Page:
Firestone Walker Brewery – Paso Robles:
We actually visited Firestone Walker earlier this year, but I never put any info up for it, so here we are. We enjoyed our first brewery tour, which showed us a lot of neat things in the large scale craft brew process. From the blind tasting panel room, to the signature double barrel fermenting systems and bottling line, it was quite a unique and personal experience (there were only 5 of us on our free guided tour). A tasting room and gift shop is located at the brewery entrance, where all of their available beers can be had on tap, as well as some classics for sale in the bottle (I picked up a 2012 vintage Parabola). The gift shop also has t-shirts, custom Firestone Walker barware, and other branded merchandise.
Across the street from the brewery is the Tap Room restaurant, which offers a good selection of food, as well as fresh taps of all of their currently available selections. We shared a Barbecue Chicken Pizza, which used a barbecue sauce made with their Walker’s Reserve Porter, and it was amazing. By far the best beer was their Velvet Merlin Oatmeal Stout, which was being bottled and kegged next door during our tour. Fresh and on tap, one of the best stouts I’ve head. Overall, definitely a fun experience, especially if you’ve never been to a brewery before.
We stopped into a counter-only style fish/taco shop for dinner after checking into our hotel, and ordered the first brews of the vacation. On the left is a Firestone Walker 805, and on the right is a Deschutes Black Butte Porter. The both went well with tri-tip tacos with spicy salsa.
We found this place a few trips back. It is a very awesome tap house with a great selection of craft beer. The taps are constantly being rotated out, so as soon as a keg empties, something new is there to take its place. They also recently began brewing their own sour ale aged in Chardonnay barrels. There is a restaurant attached as well, which we ate at one night. They get their beer from the Libertine, so the same selection can be had at dinner. On to the pictures!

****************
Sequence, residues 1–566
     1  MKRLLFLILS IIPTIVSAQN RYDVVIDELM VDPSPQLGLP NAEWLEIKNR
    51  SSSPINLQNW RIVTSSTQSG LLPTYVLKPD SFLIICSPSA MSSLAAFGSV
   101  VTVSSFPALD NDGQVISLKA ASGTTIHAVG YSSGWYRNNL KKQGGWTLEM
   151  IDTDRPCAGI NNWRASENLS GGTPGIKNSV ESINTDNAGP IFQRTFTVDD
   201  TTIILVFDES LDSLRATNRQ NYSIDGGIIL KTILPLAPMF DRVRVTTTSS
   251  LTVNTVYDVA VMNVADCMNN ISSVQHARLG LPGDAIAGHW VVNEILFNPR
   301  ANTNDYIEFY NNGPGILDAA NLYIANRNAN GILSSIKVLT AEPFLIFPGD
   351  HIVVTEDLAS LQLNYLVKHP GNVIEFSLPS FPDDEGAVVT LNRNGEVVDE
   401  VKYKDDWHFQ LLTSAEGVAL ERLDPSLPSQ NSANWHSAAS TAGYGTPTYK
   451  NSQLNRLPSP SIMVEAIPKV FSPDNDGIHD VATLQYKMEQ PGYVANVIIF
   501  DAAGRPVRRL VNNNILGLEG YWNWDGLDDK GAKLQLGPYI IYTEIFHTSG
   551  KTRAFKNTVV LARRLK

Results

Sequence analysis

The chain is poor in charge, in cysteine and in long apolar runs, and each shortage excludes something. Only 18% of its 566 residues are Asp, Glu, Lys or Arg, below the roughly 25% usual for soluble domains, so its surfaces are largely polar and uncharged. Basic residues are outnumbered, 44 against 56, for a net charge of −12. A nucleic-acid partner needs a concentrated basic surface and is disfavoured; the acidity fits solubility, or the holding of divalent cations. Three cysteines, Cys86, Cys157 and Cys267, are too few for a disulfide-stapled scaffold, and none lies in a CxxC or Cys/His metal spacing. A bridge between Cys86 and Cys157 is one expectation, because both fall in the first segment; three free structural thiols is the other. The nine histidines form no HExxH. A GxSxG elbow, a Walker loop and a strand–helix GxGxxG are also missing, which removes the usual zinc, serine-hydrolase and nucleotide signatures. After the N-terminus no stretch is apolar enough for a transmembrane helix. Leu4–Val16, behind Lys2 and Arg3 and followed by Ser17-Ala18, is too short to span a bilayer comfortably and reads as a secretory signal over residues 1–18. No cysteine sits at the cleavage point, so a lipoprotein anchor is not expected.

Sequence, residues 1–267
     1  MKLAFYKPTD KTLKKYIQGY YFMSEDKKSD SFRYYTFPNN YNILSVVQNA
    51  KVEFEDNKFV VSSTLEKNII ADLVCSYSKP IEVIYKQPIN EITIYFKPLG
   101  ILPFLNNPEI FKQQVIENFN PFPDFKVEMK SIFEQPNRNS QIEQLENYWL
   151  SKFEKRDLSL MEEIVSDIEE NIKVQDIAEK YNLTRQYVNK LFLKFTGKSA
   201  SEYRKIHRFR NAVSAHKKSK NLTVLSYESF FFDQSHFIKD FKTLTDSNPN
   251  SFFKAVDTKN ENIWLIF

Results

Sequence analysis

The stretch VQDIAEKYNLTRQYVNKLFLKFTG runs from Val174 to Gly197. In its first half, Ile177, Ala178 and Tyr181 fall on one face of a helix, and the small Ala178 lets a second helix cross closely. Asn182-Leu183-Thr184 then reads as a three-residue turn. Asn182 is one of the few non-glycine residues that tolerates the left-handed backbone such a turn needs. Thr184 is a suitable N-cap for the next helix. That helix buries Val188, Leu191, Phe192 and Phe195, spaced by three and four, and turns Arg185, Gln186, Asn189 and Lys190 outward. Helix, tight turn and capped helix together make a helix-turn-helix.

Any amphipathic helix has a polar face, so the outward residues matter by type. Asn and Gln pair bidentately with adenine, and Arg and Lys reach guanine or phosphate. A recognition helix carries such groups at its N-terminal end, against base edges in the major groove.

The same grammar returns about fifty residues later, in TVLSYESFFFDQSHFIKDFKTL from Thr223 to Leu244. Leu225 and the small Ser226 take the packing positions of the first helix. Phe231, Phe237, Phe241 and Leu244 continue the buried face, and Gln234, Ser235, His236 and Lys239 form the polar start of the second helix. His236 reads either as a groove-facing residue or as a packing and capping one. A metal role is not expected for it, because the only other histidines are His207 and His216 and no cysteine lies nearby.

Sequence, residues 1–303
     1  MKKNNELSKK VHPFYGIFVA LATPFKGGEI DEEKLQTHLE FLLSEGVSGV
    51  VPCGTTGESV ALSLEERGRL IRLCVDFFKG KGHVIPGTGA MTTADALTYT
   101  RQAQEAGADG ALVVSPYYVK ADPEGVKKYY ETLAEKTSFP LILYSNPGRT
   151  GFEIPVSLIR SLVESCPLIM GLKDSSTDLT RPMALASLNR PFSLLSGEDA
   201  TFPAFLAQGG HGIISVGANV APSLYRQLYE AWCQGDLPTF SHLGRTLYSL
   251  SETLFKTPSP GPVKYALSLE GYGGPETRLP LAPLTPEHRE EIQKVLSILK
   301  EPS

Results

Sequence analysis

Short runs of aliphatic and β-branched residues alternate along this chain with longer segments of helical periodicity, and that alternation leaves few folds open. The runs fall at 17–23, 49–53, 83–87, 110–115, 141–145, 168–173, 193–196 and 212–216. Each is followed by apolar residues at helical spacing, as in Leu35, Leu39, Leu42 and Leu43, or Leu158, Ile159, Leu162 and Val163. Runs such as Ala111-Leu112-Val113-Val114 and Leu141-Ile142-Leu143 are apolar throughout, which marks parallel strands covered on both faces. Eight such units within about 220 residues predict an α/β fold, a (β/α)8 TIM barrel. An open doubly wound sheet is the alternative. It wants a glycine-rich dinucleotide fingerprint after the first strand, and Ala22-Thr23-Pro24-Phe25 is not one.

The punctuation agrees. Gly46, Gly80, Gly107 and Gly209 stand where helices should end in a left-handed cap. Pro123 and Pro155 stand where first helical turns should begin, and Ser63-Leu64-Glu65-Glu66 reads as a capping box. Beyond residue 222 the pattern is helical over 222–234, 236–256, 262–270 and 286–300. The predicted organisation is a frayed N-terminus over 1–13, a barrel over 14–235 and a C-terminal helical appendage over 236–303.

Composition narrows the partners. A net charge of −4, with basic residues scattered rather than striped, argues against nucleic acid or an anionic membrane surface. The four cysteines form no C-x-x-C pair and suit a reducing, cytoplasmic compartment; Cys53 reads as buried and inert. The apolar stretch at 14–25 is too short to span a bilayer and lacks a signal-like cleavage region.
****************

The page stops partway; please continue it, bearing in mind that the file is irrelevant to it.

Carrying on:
– Mikkeller Brewery: Orange Yuzu Glad I Said Porter (Porter w/Orange Peel-6%ABV). Roasty Porter with an orange citrus/rind twist, another interesting combination I wouldn’t think would work, but does.
– Brouwerij West: Dog Ate My Homework (Ale Brewed w/Blackberries-7%ABV). Pretty sweet, very blackberry-forward flavor, with generic ale aftertaste. Blackberry flavor wasn’t fake, but not a huge fan overall.
– Ballast Point: Sextant Coffee Oatmeal Stout (Dry stout brewed w/Cafe Calabria coffee- 6.8%ABV)- Poured on nitro, which helps develop a creamy mouthy/body. More coffee ground flavors than oatmeal stout flavor, the other way around would make it more than “just okay”.
Creekside Brewing Company-San Luis Obispo
The first of three breweries we visited in San Luis Obispo, and the one we ate lunch at as well. They had four of their own beers available on tap, as well as a guest tap of Green Flash Double Stout. We also had a very good lunch, with great ambiance of outdoor deck seating over the nearby creek/bridge.
I had a stout infused bacon cheeseburger, topped with stout braised grilled onions, with a blueberry-habanero barbecue sauce. Maybe one of the best burgers I’ve ever had. My wife had a grilled turkey club with avocado, which was much healthier than my meal, and pretty tasty as well. To the Beer!
In order, the taster flight is listed on the info chart (sans the stout, which was unavailable at the time). Their wheat beer was pretty run of the mill, as was their amber rye. Their brown was a little subpar for the style to me, but their imperial IPA was good. After we had paid and were getting ready to walk down the street, our server ran out and let us know their Double Dark Stout had just been kegged, and offered us a free taster. It was very fresh tasting, but not particularly standout. Maybe some additional conditioning or aging will help it out. Overall, I was appreciative of Creekside Brewing, and the food and beer will be a regular stop when we’re in San Luis Obispo.